Week 12 Blog Post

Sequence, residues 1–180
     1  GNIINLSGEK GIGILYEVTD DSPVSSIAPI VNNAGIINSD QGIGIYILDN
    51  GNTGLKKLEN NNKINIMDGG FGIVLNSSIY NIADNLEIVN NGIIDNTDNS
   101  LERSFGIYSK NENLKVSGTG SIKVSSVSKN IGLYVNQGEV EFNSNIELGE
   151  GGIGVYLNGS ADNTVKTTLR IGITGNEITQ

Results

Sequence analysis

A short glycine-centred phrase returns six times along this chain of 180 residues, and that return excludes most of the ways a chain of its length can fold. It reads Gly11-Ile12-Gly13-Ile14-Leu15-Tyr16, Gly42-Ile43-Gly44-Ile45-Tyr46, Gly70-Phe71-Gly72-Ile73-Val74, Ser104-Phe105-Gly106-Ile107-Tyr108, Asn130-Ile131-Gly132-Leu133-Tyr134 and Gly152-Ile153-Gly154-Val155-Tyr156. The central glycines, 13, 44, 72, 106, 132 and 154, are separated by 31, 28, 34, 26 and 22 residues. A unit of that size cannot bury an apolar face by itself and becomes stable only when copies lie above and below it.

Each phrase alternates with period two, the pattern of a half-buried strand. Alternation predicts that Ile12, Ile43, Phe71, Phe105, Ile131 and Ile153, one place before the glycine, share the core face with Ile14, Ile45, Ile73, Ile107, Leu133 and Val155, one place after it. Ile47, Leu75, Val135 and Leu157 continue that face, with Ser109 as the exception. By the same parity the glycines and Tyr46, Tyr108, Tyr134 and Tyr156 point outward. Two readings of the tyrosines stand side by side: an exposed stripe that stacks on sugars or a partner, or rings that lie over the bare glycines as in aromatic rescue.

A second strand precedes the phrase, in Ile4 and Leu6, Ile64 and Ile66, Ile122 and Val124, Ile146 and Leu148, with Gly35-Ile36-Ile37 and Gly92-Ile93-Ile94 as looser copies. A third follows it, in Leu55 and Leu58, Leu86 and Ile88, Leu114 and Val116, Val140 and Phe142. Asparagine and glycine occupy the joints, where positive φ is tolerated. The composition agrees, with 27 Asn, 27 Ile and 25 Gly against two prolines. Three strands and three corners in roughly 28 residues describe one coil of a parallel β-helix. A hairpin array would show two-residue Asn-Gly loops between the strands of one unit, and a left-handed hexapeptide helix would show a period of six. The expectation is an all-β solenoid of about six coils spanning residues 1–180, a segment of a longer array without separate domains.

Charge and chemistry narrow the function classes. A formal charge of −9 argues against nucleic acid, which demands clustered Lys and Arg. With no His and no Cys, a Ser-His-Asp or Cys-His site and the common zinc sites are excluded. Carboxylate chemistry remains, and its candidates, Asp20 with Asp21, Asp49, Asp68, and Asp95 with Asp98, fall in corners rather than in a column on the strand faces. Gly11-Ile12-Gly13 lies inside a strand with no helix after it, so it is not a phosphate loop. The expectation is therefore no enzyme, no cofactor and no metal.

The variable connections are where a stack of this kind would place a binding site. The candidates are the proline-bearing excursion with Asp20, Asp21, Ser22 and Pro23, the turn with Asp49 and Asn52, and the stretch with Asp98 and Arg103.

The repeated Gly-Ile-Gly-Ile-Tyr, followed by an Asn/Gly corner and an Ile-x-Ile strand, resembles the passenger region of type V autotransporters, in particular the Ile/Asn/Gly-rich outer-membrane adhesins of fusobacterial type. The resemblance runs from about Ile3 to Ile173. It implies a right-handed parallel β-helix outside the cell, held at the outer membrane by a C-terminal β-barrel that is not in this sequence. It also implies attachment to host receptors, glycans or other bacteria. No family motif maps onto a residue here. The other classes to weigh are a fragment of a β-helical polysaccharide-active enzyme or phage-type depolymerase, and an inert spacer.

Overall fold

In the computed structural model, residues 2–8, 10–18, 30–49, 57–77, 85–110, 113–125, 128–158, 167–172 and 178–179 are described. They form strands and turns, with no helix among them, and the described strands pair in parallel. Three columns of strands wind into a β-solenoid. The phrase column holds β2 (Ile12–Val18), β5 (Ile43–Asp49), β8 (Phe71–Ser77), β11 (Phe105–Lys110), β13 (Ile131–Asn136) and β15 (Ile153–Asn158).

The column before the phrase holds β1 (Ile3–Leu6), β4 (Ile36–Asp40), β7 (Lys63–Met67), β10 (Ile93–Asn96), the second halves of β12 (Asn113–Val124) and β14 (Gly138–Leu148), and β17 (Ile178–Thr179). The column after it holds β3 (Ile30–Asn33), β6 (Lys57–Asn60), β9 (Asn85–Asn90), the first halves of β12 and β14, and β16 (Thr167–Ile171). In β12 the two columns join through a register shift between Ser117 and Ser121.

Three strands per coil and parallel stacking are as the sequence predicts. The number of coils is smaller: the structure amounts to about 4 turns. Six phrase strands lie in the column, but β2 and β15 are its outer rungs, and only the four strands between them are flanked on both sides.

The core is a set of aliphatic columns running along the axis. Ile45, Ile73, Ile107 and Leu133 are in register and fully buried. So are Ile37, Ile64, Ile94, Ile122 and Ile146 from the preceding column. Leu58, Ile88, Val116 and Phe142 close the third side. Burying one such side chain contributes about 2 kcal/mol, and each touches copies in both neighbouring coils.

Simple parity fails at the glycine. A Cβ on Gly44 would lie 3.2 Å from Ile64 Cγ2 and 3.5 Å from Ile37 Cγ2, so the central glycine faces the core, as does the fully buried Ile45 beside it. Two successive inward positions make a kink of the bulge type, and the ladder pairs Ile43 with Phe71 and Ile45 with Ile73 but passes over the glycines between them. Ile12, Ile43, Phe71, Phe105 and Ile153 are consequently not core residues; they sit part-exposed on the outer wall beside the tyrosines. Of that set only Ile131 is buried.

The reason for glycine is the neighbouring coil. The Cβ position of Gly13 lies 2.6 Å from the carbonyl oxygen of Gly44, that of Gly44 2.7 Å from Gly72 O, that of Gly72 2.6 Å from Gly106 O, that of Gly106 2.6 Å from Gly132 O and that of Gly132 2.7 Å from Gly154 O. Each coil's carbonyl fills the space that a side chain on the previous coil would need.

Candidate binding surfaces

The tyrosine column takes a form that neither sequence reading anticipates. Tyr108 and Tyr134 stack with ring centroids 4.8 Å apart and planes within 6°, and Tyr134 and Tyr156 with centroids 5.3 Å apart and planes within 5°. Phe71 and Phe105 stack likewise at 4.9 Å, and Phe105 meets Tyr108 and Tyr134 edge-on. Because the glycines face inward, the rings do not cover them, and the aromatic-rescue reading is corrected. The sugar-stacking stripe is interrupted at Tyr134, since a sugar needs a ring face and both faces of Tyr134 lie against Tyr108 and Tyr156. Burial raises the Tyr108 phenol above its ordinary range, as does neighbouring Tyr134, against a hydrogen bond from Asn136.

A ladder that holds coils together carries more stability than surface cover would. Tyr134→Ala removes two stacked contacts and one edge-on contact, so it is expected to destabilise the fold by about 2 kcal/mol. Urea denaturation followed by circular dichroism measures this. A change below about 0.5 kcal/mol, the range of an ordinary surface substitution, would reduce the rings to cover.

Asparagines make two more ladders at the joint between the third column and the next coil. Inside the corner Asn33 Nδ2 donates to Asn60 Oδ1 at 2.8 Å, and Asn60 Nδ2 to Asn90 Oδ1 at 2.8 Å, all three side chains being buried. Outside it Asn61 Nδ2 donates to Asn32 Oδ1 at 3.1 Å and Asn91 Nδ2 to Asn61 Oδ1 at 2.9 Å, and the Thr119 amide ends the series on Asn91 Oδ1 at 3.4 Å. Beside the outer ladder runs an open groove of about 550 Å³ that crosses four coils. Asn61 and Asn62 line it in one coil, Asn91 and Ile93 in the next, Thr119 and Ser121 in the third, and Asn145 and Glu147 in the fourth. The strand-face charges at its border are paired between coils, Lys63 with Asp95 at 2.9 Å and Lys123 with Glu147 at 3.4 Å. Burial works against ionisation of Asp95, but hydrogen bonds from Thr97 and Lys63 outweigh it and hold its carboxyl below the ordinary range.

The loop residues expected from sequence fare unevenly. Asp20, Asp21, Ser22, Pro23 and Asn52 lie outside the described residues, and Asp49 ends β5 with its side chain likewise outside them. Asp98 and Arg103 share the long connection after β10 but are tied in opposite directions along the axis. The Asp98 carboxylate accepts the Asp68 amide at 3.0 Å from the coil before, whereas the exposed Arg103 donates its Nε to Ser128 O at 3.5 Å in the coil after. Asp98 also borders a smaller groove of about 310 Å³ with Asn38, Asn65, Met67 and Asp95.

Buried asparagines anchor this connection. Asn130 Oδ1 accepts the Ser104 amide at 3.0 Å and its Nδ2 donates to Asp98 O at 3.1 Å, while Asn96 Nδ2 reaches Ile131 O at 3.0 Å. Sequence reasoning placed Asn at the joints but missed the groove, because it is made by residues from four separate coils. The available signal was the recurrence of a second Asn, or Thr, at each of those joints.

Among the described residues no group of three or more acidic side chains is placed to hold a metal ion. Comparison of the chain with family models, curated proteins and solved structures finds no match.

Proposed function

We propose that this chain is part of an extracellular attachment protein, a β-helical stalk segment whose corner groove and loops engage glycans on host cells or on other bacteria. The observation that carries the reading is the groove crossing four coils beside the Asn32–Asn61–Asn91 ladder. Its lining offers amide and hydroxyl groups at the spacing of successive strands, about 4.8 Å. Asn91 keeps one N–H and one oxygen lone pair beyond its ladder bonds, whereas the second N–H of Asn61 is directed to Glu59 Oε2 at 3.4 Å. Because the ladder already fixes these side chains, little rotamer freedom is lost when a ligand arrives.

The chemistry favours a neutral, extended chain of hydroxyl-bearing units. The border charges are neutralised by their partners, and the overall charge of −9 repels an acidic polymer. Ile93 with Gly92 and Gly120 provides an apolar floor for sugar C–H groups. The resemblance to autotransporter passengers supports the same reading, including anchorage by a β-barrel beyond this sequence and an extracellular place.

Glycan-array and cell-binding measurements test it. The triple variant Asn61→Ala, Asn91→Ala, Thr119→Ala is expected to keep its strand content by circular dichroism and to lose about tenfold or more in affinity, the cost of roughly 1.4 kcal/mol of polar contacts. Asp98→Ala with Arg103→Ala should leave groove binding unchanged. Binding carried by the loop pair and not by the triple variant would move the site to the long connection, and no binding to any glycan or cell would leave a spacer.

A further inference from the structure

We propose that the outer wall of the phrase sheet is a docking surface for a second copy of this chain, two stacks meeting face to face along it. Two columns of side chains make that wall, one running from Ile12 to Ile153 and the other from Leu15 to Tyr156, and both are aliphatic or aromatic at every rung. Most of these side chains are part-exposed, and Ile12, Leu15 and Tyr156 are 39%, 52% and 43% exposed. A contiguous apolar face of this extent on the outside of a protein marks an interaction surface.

This week’s reading, Timothy A. Wise’s Eating Tomorrow: Agribusiness, Family Farmers, and the Battle for the Future of Food, delves into the problems with feeding the world and how different countries across the globe are addressing these issues, typically with the presence of powerful agribusinesses that take advantage of poor workers and utilize poor farming practices and food policies through environmentally damaging GMOs and fertilizers. One of the core concepts that Wise presents is the conflict between the GMO-led “climate-stupid agriculture” of large agricultural corporations and the sustainable, eco-friendly agriculture of small-scale farmers in Africa that Wise believes should be leading the way when it comes to the future of agriculture. Clearly there is an imbalance in priorities between the profit-hungry agribusinesses that largely dominate the agricultural world and are solely focused on making money quickly, and the small-scale farmers that are victims of the negative effects climate change and are trying to grow food not only for today, but also for tomorrow. Not only is there an imbalance in priorities, but there is also an imbalance in power, and it is apparent that aspects of racism and the “White Man’s Burden” mentality are ingrained this conflict. Wise seems to assert that there is an element of Americans not only thinking they need to solve the problems of starvation and poverty in Africa, but also that they easily can, mostly through funding African governments to use harmful GMOs and fertilizers, instead of attempting to address structural issues with more permanent and eco-friendly solutions. However, the author also discusses the fact that it is not possible for these small-scale farms to be completely self-reliant and some sort of cooperation is necessary for long-term results and overall successful and environmentally friendly farming. Wise later discusses the issue of genetically modified (GM) corn in Mexico. In 2009, several multinational agro-chemical companies pressured the Mexican government into allowing them to commercially produce GM corn, infuriating several individuals and organizations who believed GM corn should be banned as the gene flow from GM corn would inevitably transfer to native corn and potentially ruin the diversity of maize in Mexico. Throughout the chapter, Wise describes the huge importance of the maintenance of maize diversity for small Mexican farmers to continue to produce their maize and make a living, which is why many activists and protestors have tried to stick up against the big agro-corporations attempting to tarnish that with GM corn. Maize is a cornerstone of the typical Mexican diet, especially that of the underprivileged, and lack of diversity of maize caused by the presence of GM corn could lead to less availability of maize across the country. Essentially, this presence of GM corn in Mexico being pushed by these large agro-chemical corporations is a direct attack on food sovereignty and food security for the Mexican people. Overall, it is clear that these large multinational agribusinesses and corporations have a lot of power in today’s agricultural landscape, but small scale farmers are doing their best to continue to farm the right way and fight against these inconsiderate and dangerous corporations, leading the way for the future of agriculture.

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